According to JA! the unfiltered substances being released from the smelter can cause severe irritation to the skin, eyes, airways and an increased risk of lung cancer.
JA! and other environmental groups in the Mozambique are lobbying the government and Mozal for there to be a public debate on the serious issue.
To date there has not been an Environmental Impact Assessment and therefore it's unclear to everyone what the impact will be of operating without filters. However, JA! can only conclude that the filters, when in place, significantly reduce air pollution or Mozal would not be investing $10 million in their renovation.
In addition, JA! have looked at a similar case, from October 2004, at a smelter in South Africa owned by Mozal's parent company BHP Billiton.
In that instance the filters were put out of service for only 72 hours and the company issue issued a press release calling for "people with asthma and others with respiratory problems, or who have low tolerance for smoke and dust, to remain indoors".
Now BHP Billiton are claiming that they can perform the same operation for six months without any significant risk. This makes JA! question the difference of criteria and behaviour of BHP Billiton in South Africa and Mozambique.
JA! have collected more than 14,000 signatures calling for a public debate on the renovation project which is scheduled to go ahead in November 2010.
Jun 09, 2010
Support the campaign to introduce a tiny tax on bankers that would give billions to tackle poverty and climate change around the world.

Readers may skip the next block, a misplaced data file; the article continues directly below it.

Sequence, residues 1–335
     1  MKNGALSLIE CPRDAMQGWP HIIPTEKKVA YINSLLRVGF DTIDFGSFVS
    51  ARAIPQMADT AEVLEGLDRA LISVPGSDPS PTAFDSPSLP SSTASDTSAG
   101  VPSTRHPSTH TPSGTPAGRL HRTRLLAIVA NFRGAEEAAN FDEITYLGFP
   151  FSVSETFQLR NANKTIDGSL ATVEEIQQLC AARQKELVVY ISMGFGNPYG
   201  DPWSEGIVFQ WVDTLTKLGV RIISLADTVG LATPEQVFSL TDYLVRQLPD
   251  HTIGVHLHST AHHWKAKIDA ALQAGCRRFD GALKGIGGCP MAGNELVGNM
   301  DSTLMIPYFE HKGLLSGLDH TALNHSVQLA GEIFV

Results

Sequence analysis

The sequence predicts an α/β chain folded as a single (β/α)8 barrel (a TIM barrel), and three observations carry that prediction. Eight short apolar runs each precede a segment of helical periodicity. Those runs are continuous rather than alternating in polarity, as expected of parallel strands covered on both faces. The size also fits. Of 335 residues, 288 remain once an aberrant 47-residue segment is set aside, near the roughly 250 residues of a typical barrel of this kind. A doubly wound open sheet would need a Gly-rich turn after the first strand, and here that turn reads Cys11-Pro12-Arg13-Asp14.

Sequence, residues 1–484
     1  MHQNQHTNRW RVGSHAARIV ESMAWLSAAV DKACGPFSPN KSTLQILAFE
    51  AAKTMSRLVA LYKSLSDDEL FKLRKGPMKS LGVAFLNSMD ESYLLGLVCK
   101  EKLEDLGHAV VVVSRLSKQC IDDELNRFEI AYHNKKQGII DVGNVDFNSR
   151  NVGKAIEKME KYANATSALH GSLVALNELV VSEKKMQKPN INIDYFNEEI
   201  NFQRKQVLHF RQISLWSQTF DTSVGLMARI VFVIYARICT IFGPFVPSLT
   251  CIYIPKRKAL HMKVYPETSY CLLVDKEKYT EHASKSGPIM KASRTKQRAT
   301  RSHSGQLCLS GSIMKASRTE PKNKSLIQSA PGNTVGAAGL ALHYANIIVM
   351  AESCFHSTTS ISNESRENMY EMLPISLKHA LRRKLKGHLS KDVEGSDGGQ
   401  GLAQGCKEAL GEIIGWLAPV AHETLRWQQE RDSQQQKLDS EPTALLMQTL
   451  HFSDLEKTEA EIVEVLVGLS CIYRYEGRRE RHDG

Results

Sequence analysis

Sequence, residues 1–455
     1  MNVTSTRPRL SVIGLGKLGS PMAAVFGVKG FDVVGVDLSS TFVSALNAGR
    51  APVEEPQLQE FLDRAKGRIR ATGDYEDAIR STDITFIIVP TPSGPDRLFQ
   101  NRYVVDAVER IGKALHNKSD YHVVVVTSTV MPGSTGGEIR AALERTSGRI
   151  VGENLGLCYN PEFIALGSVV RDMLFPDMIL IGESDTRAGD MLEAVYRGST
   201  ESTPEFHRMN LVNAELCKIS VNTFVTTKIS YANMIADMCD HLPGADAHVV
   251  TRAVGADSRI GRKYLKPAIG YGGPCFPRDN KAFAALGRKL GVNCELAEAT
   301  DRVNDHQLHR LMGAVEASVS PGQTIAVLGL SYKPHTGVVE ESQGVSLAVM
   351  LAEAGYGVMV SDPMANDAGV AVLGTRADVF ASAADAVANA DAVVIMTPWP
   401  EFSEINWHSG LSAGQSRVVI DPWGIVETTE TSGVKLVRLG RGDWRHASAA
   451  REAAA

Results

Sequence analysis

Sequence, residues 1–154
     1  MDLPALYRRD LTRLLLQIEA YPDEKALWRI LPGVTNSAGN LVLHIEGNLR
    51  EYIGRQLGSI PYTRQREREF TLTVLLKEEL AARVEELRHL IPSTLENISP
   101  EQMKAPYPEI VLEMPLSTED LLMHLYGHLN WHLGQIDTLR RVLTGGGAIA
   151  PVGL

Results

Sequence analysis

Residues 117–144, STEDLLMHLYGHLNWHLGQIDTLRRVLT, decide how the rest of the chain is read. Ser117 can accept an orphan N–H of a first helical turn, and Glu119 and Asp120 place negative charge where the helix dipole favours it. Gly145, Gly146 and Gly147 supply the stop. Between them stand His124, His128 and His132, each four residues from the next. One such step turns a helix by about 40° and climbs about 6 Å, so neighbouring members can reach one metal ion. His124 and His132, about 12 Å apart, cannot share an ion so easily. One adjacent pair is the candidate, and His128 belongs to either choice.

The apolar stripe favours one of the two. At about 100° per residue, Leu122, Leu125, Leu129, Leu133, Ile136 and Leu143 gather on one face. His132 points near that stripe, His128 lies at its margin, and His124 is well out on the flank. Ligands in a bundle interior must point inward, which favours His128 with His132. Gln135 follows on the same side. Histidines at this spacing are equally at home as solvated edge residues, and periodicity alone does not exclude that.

The Robin Hood Tax is a tiny tax on banks and other financial institutions that would raise billions to tackle poverty and climate change, at home and abroad.
It can start as low as 0.005 per cent - and average 0.05 per cent . But when levied on the billions of dollars, pounds, euro and yen sloshing round the global finance system every day through transactions such as foreign exchange, derivatives trading and share deals, it can raise hundreds of billions of pounds every year.
What would it cover?
It would include transactions involving stocks, bonds, foreign exchange, and derivatives (including trade of futures and options related to stocks, interest rate securities, currencies and commodities).
It would cover all transactions traded on exchanges as well as off-exchange or "over the counter" (OTC).
It would be limited to transactions between financial market actors. Ordinary consumer transactions such as payments for goods, paychecks and cross-border remittances would not be subject to the Robin Hood Tax. Short-term inter-bank lending and central bank operations would also be excluded from the Robin Hood Tax.
Angela Merkel (the German Chancellor) and Nicolas Sarkozy (the French President) have all spoken out in support of a tax on financial transactions.
Plenty of business bigwigs are on-board too. Lord Turner (from the UK Financial Services Authority), George Soros (the philanthropist) and Warren Buffet (US businessman extraordinaire) have all backed transaction taxes. And then there are the hundreds of economists who have backed the idea, too.
This isn't some crazy pipedream. It's a simple and brilliant idea which transcends party politics and which - with your support - can become a reality.
Please sign the petition on the Friends of the Earth Europe website calling on the The Group of Twenty (G-20) Finance Ministers and Central Bank Governors to support the tax.
Take action and find out more
May 28, 2010
A meeting of the World Bank in Brussels on May 27 was targeted by campaigners who urged it to stop financing fossil fuel projects.
Activists gathered outside the meeting at which bankers, EU officials, industry representatives and other stakeholders were discussing the future of the bank’s energy lending. They staged a peaceful 'black comedy' and handed out dirty contracts for so-called 'clean coal' to expose the disastrous impacts of the bank’s financing on climate change and the world’s poorest people. Civil society representatives later went inside to participate in the consultation.